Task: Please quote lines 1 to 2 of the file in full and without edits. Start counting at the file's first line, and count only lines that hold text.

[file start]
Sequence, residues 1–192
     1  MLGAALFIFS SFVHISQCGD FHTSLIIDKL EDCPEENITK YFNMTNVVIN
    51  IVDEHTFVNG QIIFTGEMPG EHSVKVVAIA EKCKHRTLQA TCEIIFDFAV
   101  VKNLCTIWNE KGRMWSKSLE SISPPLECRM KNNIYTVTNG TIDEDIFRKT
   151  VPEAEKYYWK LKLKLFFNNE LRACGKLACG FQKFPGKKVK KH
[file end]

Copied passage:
Sequence, residues 1–192
     1  MLGAALFIFS SFVHISQCGD FHTSLIIDKL EDCPEENITK YFNMTNVVIN